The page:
Everyone has an opinion about interior design rules; things you should and shouldn’t be doing in your space (they’ve been doing the rounds for years now). I’m busting four of these design myths on the blog today to show you that sometimes, even the pros get it wrong!
The ‘use white in a small space to make it look bigger’ myth.
Abigail Ahern said it best when she declared “A small room is a small room. Painting it pale is not going to double its size or even make it look marginally bigger”.
In a small space, furniture and its placement is probably the most crucial factor you should be concerned about. I also think that if a space is small and cosy, embrace that it’s small and cosy! There’s no point trying to make a Danny DeVito an Arnold Schwarzenegger – it’s just not going to work.
The kitchen above is a perfect example of realising that a space is small and rocking it out regardless. How bold and dynamic is this room? Imagine it is was an all-white snooze-fest!
The ‘blue and green should never be seen’ myth.
I don’t think there are any colours that shouldn’t or can’t play well together. It’s simply a matter of proportion and scale. Blue and green are both on the cold side of the colour wheel, and as such they make for an incredibly cool combination in any room.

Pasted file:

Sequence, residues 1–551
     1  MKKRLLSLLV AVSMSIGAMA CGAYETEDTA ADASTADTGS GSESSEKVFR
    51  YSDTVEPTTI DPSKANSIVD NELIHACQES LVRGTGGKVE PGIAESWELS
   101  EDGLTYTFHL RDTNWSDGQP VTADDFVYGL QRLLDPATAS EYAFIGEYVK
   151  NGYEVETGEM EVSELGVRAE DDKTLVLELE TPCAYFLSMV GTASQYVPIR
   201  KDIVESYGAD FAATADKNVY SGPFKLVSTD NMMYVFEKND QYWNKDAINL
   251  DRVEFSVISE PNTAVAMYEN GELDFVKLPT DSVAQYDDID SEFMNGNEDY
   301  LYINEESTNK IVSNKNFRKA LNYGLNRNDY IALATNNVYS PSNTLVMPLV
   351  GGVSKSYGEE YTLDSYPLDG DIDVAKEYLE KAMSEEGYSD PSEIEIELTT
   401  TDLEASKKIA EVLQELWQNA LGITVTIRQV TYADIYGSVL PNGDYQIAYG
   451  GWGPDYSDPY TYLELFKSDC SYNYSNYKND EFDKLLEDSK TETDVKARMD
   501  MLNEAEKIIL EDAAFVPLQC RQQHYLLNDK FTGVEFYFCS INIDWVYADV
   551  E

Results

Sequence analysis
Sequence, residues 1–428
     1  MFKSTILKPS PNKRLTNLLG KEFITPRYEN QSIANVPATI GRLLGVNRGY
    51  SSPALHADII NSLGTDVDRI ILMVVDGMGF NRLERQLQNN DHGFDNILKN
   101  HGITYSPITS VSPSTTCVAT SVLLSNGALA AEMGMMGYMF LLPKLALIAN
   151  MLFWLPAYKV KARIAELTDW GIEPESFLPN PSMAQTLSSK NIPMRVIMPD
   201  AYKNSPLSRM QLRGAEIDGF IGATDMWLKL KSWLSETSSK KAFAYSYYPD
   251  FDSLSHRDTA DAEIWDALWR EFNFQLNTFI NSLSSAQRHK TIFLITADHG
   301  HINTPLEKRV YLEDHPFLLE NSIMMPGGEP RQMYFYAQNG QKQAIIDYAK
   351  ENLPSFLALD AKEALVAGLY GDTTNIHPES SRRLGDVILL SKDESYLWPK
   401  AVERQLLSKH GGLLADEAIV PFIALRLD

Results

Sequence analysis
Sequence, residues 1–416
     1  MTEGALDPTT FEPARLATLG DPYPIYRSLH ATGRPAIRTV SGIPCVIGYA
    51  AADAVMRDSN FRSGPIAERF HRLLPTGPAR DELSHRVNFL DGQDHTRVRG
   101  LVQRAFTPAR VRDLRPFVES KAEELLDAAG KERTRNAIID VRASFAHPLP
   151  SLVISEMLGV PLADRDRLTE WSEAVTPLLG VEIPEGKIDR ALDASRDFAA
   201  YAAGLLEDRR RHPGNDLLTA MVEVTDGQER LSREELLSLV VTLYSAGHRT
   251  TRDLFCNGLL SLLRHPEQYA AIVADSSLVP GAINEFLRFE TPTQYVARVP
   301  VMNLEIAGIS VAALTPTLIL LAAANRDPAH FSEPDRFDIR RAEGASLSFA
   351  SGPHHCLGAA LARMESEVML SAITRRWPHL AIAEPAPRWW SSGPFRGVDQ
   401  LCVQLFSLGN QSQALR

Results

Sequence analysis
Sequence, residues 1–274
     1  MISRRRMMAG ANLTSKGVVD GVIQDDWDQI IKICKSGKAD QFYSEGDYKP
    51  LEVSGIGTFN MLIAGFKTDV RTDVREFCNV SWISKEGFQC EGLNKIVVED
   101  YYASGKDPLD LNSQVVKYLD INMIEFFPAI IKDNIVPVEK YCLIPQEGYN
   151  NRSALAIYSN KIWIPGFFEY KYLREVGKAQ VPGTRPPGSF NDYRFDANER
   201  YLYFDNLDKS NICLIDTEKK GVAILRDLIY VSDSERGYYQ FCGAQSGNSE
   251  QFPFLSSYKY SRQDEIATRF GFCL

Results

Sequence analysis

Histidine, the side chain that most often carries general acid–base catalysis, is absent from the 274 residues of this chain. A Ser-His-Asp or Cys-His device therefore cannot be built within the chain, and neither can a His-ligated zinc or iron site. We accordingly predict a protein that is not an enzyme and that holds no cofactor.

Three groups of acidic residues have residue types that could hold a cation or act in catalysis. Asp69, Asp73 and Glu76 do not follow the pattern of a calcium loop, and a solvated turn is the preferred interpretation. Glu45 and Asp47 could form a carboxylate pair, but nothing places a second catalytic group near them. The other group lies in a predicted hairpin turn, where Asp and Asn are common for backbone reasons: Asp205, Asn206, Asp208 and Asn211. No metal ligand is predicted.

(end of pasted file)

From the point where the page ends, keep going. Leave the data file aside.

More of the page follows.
The tone of the green and blue is also important. Indigo and lime, for example, are so stunning together I recommend they get married and have babies.
So don’t let anyone tell you that certain colours can’t mix. It’s all about how you implement them in your home and what you ground the hues with.
The ‘rule of three in vignettes’ myth.
The myth that styling a vignette is all about using three pieces (or an odd number, for that matter) is just plain silly. In fact, I think vignettes are completely ruleless and should reflect your own sense of style – and what you love.
When I cluster homewares together, I simply ensure the height of each item is different, so your eye hops from one to the other. This, dear Creatives, is how you create a visual story. Whether that story involves three or 14 pieces is entirely up to you.
Live on the edge, I say, and make your vignette a rule-breaker.
The ‘symmetry in furniture and decor’ myth.
I love nothing more than mismatched bedside tables, or a photo frame that sits slightly above or below its brothers and sisters on the wall. This is what busting that symmetry myth is all about!
When I was growing up, rooms were all about symmetry; ensuring pieces mirrored one another for perfect balance. Nowadays, it’s all about mixing the space up and avoiding the mundane.
The bedroom above is a perfect example of lack of symmetry, but what it does have is perfect balance. The heaviness of the bedside is balance by the frame on the other side of the bed, while the basket completes the look. This is visual harmony – and isn’t it divine?